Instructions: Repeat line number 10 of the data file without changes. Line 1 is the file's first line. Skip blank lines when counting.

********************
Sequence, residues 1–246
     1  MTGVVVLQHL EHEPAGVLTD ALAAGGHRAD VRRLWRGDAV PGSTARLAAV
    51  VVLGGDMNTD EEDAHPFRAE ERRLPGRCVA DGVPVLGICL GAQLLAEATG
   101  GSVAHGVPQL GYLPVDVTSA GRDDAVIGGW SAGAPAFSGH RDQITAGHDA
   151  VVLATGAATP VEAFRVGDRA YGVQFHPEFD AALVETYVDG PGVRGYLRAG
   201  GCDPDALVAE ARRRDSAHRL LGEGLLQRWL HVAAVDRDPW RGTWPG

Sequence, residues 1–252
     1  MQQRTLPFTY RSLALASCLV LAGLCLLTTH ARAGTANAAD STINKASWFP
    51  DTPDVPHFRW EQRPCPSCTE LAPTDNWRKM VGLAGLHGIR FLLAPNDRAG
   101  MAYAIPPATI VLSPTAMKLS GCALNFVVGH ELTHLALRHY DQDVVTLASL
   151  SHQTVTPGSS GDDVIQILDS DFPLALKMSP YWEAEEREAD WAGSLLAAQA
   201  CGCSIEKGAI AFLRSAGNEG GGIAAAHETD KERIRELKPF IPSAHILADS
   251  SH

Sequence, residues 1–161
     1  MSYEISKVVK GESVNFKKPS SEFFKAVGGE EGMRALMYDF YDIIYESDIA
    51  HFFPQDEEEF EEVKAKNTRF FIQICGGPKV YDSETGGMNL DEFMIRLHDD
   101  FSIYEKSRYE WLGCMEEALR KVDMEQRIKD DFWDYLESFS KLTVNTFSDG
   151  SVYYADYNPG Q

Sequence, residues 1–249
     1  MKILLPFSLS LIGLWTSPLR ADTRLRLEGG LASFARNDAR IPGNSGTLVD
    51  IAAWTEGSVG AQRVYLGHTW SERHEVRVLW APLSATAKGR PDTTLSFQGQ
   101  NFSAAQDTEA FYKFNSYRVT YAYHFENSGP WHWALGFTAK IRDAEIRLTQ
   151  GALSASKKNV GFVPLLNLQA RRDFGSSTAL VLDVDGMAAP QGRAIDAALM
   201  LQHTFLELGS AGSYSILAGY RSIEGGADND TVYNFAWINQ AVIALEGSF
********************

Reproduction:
   101  MAYAIPPATI VLSPTAMKLS GCALNFVVGH ELTHLALRHY DQDVVTLASL